On CNN’s Reliable Sources, Chicago Tribune Washington Bureau Chief James Warren explained the lack of follow-ups: "At that point, you face a question about how you want to behave. One of the things this White House has done politically is try to make the press an issue as much as the Republicans an issue, saying that we’re trying to divert people away from the business that matters. We’re part of the political calculation and the political strategy of this White House. Certainly, it’s fair to say someone might have asked again, but it’s also very clear the president was not going to answer."

Jan Smith came under attack on PBS’s NewsHour with Jim Lehrer. Lehrer suggested: "Most of those questions, we were just listening to them again in our excerpt, they all began with a lecture before they got to the question. And that seems to be, you have to do it, right?" Media correspondent Terence Smith agreed: "Jan Smith even citing George Washington and swearing to tell the truth. Sure, reporters show off in situations like this."

On Late Edition, CNN pundit and former New York Times and U.S. News reporter Steve Roberts claimed all this proved that old canard of liberal bias does not exist: "We’re in favor of a good story and we’re against whoever is in power. And that has worked against Clinton for years now and at least one thing we can now all agree on, all this notion that the press is all liberal and always pampers Democrats. I think in the last year we can say that has not been true." Maybe Roberts was half-right. You’d think a liberal wouldn’t let Clinton get away with a non-answer to a rape charge. But a Democrat-pamperer would.


Duck and Cover

As the Chinese nuclear espionage scandal continued to develop, much of the press coverage remained dismissive of the allegations, and several stories diverted attention by focusing on the political nature of the GOP response.

That’s not new. Last year when allegations of missile technology transfers to China first surfaced, there was a similar rush to defuse the potency of the issue. On May 22, 1998, Time’s daily Internet update led with the headline "Chinese Connection Has GOP Drooling."

On the March 18 World News Tonight, ABC’s Linda Douglass stressed spin over substance. "The charge that Mr. Clinton is soft on China is red meat for conservatives." She concluded: "Republicans insist they are not trying to make the Chinese spying case into a partisan issue. Nevertheless, they are planning task forces, hearings and investigations that may well last into the campaign season."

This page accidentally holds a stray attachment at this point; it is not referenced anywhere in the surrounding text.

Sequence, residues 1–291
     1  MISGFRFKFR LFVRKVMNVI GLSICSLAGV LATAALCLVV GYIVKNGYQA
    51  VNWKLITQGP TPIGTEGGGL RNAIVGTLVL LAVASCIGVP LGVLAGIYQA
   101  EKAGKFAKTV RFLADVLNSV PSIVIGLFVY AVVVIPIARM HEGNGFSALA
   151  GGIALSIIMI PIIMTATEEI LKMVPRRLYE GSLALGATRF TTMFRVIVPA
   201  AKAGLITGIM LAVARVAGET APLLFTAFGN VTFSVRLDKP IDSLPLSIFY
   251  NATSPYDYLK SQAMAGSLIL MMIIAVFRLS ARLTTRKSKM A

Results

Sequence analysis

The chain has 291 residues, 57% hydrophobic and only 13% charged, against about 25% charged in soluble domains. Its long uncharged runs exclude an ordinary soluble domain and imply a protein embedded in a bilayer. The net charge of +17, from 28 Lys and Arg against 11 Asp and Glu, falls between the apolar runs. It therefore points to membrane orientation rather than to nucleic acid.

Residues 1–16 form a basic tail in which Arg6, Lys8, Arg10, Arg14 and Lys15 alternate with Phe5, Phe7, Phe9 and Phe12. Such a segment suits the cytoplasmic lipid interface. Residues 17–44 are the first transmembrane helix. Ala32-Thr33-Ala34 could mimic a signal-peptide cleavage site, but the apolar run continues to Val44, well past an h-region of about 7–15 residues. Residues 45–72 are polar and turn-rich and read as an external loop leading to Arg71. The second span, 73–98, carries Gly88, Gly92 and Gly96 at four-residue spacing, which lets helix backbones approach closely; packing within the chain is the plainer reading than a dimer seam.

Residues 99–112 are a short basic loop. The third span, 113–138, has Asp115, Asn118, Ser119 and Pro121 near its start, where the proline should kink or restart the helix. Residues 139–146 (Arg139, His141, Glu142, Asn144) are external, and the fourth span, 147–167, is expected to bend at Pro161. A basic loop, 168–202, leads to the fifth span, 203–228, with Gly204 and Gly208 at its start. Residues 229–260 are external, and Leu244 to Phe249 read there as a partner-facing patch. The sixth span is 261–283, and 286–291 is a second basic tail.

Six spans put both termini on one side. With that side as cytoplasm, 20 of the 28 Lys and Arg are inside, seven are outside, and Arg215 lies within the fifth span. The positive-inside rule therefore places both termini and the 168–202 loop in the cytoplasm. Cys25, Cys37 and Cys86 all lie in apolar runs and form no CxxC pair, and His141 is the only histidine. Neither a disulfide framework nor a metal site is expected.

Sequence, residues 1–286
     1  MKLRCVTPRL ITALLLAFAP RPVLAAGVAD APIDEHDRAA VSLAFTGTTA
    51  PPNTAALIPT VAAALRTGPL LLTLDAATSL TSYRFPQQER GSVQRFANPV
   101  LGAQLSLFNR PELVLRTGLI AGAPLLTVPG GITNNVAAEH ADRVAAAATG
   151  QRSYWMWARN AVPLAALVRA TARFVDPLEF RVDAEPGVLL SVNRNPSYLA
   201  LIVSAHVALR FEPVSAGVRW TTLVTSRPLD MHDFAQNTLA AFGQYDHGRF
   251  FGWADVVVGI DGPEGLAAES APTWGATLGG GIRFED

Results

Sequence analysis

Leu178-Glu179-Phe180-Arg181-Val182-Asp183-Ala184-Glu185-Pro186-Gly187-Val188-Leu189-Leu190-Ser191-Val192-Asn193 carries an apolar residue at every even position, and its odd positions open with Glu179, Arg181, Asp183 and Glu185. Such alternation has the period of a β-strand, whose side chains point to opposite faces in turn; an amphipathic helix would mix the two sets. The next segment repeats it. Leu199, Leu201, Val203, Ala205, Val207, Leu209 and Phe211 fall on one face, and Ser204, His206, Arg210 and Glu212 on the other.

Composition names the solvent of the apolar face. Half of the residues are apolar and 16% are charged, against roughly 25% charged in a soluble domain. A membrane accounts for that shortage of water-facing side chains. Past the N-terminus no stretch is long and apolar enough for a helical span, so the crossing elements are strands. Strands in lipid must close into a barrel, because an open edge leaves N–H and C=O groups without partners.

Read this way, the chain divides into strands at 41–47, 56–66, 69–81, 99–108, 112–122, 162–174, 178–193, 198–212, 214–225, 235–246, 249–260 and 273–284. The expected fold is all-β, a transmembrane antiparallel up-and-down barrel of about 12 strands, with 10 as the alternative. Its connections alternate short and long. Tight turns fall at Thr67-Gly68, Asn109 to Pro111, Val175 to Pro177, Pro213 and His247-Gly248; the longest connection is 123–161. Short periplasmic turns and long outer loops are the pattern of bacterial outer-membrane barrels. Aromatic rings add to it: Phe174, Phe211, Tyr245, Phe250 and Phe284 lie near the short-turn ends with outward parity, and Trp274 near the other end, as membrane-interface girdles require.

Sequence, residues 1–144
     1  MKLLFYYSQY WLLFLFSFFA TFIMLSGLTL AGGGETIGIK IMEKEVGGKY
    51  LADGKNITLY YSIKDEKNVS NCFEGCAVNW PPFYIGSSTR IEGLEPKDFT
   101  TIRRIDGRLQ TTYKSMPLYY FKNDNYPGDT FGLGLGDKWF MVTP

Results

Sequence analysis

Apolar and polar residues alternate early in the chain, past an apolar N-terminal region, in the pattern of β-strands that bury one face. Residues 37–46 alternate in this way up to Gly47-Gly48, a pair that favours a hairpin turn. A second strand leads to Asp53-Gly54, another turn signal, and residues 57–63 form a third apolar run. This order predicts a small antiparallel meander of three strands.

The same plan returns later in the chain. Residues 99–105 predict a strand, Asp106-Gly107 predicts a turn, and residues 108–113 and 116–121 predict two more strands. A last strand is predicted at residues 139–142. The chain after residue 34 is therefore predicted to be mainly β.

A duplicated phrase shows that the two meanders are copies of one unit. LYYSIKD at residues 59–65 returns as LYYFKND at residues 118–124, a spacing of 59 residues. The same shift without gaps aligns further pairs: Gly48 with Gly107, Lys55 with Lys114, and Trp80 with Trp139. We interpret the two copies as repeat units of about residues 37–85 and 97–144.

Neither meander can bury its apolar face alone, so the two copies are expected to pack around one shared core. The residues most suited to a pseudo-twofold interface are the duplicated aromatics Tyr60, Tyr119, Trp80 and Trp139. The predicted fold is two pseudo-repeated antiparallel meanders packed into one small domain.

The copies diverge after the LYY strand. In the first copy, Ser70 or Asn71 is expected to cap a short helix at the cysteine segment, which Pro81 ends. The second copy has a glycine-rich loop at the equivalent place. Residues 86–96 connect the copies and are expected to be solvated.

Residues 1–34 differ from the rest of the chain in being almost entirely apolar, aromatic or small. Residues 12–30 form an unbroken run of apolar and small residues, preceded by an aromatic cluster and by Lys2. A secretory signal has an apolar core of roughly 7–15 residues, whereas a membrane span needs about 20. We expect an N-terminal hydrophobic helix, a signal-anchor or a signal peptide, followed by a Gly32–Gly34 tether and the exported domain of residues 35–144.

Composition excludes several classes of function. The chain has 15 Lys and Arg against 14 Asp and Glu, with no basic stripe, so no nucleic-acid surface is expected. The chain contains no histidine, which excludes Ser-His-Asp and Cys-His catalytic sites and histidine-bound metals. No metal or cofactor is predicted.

Andrea Mitchell’s March 17 NBC piece was more balanced. But Mitchell stressed that although conservatives "want to punish China," a "leading Republican" (George Shultz) believes "that would be a big mistake." Mitchell ended by noting that "even critics of the administration say China policy is now more about politics with Republicans taking every shot they can get." Amazingly, Republican attempts to get to the bottom of the most serious spying case since the Rosenbergs were disregarded as nothing more than a typical partisan exercise.

Don’t Stain Nature
"Before America turns into one giant paved-over subdivision," announced a March 22 Time headline, "people are fighting back. Is there hope?" Yes, since suburban sprawl is not the problem.

Senior Writer Richard Lacayo repeated Al Gore’s warnings about the environmental dangers of suburban sprawl and suggested Gore’s advocacy shows that "suburban overgrowth has become a national headache." Lacayo sugggested Gore’s "message may still need work, but his plan has some merit." The only Republican quoted was a pollster worrying Gore was "startlingly on track with voters."

Lacayo ignored an opposing point of view. But Steven Hayward pointed out in the March 22 National Review that sprawl is an old environmentalists’ tale: "Developed land accounts for less than five percent of the total land area in the continental United States..Since World War II, the amount of land set aside for wildlife, wilderness conservation, and national parks has grown twice as fast as urban areas."

Lacayo concluded by lamenting: "But sprawl is mostly indelible ink. Once the roads and houses and strip malls set in, you can’t just get them out. The best way to fight sprawl is to stop it before it starts." But to do that is to battle a foe that does not exist.

Same Killer Instinct
It’s not even 2000 yet and already CNN and NBC are helping liberal groups drag out the old ‘GOP is too extreme on abortion’ line.

On the March 23 Today, NBC’s Lisa Myers publicized a National Abortion and Reproductive Rights Action League (NARAL) ad campaign: "Eleven months before the first primary, two top Republican hopefuls already are under fire. Accused of trying to hide their opposition to abortion. An abortion rights group is running ads in Iowa and New Hampshire questioning whether Elizabeth Dole is all that different from her male opponents."

Myers, without labeling NARAL as liberal, or on the other "extreme" of the abortion issue, aired a portion of an ad on Elizabeth Dole which claimed, "Like the rest of the Republicans on the far right, Elizabeth Dole is anti-choice." Myers also played a second NARAL ad pairing George W. Bush and Pat Buchanan.

On the March 22 Inside Politics Judy Woodruff never called NARAL liberal, but did label Pat Robertson and the National Right to Life Committee conservative. After playing clips of the NARAL ads, Woodruff said abortion creates "a troubling complication" for the GOP: "While anti-abortion activists make up a large part of the GOP base, other more moderate voters, especially women, have drifted away from the party, in part because of its hard-line image on issues like abortion."

Two Thumbs Down for Oscar's Honors

Networks Agree Kazan's Personal Life Outweighs Job Approval

The decision to award director Elia Kazan an honorary Oscar caused an uproar on the Hollywood Left, and the media were their willing publicists. In 1952, before the House Un-American Activities Committee (HUAC), Kazan named colleagues he knew to be communists. The same crowd that said "move on" during the Lewinsky scandal because it was Clinton’s personal life suggested that Kazan’s work couldn’t be honored because of his personal actions.